With a Southern Edge, 2021 Drue Heinz Prize Winner Reveals the Nuances of Our Human Mysteries

With a Southern Edge, 2021 Drue Heinz Prize Winner Reveals the Nuances of Our Human Mysteries

With a Southern Edge, 2021 Drue Heinz Prize Winner Reveals the Nuances of Our Human Mysteries

Joanna Pearson of Carrboro, North Carolina is the 2021 winner of the Drue Heinz Literature Prize, one of the nation’s most prestigious awards for a collection of short stories. Pearson’s Now You Know It All was selected by Pulitzer Prize-winning author Edward P. Jones. The University of Pittsburgh Press will publish Pearson’s collection in October 2021.

Joanna Pearson“Joanna Pearson’s Now You Know It All offers a splendid array of stories that reminded me page after page of old-fashioned stories when writers built their pieces brick by brick and built them to last.” said Jones. “Pearson is not after the quick two-page, soulless anecdote glancing. [With a] Southern flavor, Now You Know It All is about the souls and hearts of the characters and how so very much of living got them to a point where nothing can be the same again. Chekhov and Gaines and Welty did not produce cartoon people and Pearson certainly follows their examples with her eleven-story collection.”

Poised on the precipice of mystery and longing, each character in Now You Know It All is on the brink of discovery—and decision. Set in small-town North Carolina, or featuring eager Southerners venturing afar, these stories capture that crucial moment when someone’s path changes irrevocably.

“The stories in this collection operate a bit like mini-mysteries, and once I assembled the manuscript, I could see how they chimed with one another,” said Pearson. “The characters are each trying to figure something crucial out, but with that knowledge, always imperfect, of course, comes a kind of loss. I loved both the obvious truth and the obvious irony of the title Now You Know It All.”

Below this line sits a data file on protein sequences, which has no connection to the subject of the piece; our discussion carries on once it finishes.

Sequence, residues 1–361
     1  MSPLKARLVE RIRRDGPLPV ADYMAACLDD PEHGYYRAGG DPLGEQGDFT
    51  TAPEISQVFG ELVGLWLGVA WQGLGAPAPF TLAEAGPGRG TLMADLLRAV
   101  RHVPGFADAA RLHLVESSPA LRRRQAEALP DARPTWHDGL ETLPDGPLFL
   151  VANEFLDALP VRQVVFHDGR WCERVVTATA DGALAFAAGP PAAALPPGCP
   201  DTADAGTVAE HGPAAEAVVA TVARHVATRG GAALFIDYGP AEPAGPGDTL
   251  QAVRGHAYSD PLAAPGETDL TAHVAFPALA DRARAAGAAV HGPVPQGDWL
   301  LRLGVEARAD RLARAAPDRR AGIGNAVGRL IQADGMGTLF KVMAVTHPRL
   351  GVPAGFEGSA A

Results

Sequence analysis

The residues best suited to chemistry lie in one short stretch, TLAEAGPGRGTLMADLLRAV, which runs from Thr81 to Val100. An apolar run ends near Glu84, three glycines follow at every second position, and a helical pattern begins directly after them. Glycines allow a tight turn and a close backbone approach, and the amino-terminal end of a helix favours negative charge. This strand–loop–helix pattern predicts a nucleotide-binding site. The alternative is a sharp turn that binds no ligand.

Pearson’s stories peel back the layers of the narratives we tell ourselves in our attempts to understand the world, revealing that the ghosts that haunt us are often the very shadows that we cast. Pearson continued, “One of my writing friends says I gravitate toward ‘the magical mundane.’ I always think I’m writing ghost stories—I tend to feel those rhythms whether I’m writing an actual ghost story or not.”

The oldest of the stories in this collection were written in 2017, but Pearson, who works as a psychiatrist, didn’t seriously start writing fiction until 2014. “I feel a little bit like I’m making up for lost time. And because my writing time is really scarce, I tend to work in these frenzied, obsessive bursts—then revise a lot, with feedback from my husband, who is my most helpful reader.”

Joanna Pearson is a lapsed poet who once wrote a young adult novel on a whim but nowadays mostly writes short fiction. Her first collection of stories, Every Human Love (Acre Books, 2019) was a finalist for the Shirley Jackson Awards, the Foreword Indies Awards, and the Janet Heidinger Prize for Fiction. Her stories have appeared in Best Small Fictions, Best of the Net, Colorado Review, Crazyhorse, Ecotone, Kenyon Review Online, The Sewanee Review, Subtropics, as well as other journals, and have been listed as notable in Best American Short Stories 2020, 2019, 2018, and 2015. She holds an MFA in poetry from the Johns Hopkins University Writing Seminars and an MD from the Johns Hopkins University School of Medicine. A native of Western North Carolina, she now lives with her husband and two daughters near Chapel Hill, where she works as a psychiatrist.

In addition to publication by UPP, the Heinz award also includes a cash prize of $15,000. Drue Heinz, who passed away in 2018, created the endowment for this accolade in 1981. For more information about Pearson, visit her website at www.joanna-pearson.com.